Contemporary Art Museum To Reopen With Health Safety Measures | St. Louis Public Radio

Contemporary Art Museum To Reopen With Health Safety Measures

Jun 23, 2020

The Contemporary Art Museum will reopen its doors July 9 with new social distancing measures to reduce the risk of contracting the coronavirus. 

Only about 50 people at a time will be allowed to enter the museum every 15 or 30 minutes. Visitors and employees will be required to wear face masks, and workers will disinfect public spaces every two hours as recommended by the Centers for Disease Control and Prevention, CAM Executive Director Lisa Melandri said.

“A lot of people when they talk about what would make them feel safe coming into a public institution has to do with limited capacity, social distancing, mask wearing,” Melandri said. “We came up with the practical way to implement what has been suggested to us by the CDC, by our local government and to try to figure out what does it look like to be able to open CAM to visitors.”

Melandri said the museum will resume showing exhibits by painter Derek Fordjour and photographer Liz Johnson Artur. She said both artists deserve to have their work shown.

However, the museum will reopen under reduced hours. It will open from 10 a.m. to 5 p.m. Thursday to Sunday and 5 p.m. to 8 p.m. Friday. It also will open be from 10 a.m. to noon each Wednesday for people at a higher risk from the disease.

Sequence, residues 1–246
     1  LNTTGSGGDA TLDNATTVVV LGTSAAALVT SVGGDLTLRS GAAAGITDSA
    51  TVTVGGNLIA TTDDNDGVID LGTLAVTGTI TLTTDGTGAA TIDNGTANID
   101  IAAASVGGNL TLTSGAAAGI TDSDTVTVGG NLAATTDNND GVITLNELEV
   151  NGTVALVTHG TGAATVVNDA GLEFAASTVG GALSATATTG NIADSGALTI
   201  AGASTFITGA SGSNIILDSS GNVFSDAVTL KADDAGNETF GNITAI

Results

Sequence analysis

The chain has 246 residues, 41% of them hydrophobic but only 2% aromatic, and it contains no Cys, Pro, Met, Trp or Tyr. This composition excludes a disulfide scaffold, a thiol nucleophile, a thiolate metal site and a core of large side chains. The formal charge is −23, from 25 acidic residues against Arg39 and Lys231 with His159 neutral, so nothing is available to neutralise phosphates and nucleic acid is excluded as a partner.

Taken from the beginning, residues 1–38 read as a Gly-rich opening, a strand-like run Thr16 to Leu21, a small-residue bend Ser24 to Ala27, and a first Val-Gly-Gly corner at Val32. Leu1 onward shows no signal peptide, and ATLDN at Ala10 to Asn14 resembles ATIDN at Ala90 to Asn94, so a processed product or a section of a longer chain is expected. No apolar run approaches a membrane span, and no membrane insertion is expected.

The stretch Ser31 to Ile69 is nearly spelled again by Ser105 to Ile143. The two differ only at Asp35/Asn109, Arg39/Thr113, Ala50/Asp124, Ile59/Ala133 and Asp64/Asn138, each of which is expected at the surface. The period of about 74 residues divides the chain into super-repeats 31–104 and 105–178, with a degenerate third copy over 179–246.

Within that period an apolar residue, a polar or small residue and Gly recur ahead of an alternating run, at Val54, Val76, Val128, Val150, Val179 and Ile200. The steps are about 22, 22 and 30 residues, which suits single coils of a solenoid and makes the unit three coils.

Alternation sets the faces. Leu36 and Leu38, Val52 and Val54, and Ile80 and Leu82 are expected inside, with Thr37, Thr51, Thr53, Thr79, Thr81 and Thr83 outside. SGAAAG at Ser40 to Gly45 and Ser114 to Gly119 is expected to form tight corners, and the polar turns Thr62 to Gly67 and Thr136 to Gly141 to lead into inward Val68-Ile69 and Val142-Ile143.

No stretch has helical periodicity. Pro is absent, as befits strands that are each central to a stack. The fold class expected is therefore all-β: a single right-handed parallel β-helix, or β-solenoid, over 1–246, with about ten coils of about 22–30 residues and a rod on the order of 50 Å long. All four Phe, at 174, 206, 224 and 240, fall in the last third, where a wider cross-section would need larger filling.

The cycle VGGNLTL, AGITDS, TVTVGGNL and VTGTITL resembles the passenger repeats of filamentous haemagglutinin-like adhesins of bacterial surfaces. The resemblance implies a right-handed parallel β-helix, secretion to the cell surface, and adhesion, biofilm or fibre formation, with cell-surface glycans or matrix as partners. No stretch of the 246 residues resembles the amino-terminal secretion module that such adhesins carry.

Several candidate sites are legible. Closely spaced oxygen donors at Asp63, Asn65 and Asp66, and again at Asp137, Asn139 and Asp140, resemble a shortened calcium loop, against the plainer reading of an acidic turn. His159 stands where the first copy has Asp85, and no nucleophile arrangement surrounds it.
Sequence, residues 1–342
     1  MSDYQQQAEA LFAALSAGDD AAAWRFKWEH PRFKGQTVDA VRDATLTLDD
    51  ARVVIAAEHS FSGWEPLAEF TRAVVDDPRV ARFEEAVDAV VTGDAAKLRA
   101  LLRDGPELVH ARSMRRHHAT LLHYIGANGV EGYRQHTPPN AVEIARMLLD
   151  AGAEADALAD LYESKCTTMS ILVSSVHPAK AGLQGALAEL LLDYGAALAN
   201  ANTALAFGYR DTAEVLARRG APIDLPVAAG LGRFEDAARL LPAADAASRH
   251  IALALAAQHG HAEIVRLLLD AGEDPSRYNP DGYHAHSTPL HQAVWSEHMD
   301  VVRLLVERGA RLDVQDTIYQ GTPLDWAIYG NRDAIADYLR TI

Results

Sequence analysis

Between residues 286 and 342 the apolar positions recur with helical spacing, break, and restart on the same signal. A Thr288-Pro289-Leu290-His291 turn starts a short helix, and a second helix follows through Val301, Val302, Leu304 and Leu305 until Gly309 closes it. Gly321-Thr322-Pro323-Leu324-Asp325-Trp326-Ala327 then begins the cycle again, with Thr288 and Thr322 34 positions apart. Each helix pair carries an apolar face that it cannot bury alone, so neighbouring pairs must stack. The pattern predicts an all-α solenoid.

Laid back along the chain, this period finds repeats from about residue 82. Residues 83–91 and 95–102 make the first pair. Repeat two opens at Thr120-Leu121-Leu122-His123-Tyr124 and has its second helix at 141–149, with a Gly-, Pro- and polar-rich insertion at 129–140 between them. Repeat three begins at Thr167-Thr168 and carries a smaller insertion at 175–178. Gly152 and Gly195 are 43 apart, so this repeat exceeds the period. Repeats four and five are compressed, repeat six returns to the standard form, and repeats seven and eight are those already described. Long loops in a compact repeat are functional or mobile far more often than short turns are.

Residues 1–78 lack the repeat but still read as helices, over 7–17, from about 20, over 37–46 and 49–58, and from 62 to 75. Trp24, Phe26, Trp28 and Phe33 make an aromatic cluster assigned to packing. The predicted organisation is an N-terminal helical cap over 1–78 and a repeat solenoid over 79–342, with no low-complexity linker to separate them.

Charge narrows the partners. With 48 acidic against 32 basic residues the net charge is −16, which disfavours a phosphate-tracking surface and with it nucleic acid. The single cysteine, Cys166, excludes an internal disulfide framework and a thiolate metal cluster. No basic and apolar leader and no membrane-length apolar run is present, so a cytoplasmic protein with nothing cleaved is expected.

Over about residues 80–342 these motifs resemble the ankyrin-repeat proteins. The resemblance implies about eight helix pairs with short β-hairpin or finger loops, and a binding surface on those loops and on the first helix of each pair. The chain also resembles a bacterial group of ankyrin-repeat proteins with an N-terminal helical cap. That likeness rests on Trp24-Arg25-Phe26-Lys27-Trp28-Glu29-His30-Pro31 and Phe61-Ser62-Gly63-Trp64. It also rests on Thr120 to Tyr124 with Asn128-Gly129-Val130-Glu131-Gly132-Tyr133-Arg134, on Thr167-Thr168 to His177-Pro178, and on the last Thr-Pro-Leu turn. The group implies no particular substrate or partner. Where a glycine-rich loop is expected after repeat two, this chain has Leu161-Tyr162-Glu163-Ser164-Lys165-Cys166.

Museum visitors will be encouraged to reserve free tickets prior to entering the museum.

Melandri said walk-in visits are still available to the general public unless the museum has reached capacity.

“We have to be able to have a certain modicum of control over the numbers,” Melandri said. “We're so predicated on making sure that anybody should feel welcome and that they have access to the museum, that we really wanted to be sure that we could accommodate someone who just happens to walk up.”

Exhibits that were due to run through April will now run through late August. But the museum will not offer tours until the fall. The CAM cafe and bar will remain closed.

Melandri said the coronavirus pandemic has been a hardship, but federal aid and grants have helped the organization weather the past few months.

“Museums are amongst those businesses and organizations that will actually see, in some cases, more dire financial impact in the coming fiscal year,” she said. “I think that one of the things that's really interesting and one of the great unknowns for all of us is sort of now what happens as this continues on.”

CAM will open new exhibits on Sept. 11.

Follow Chad on Twitter @iamcdavis

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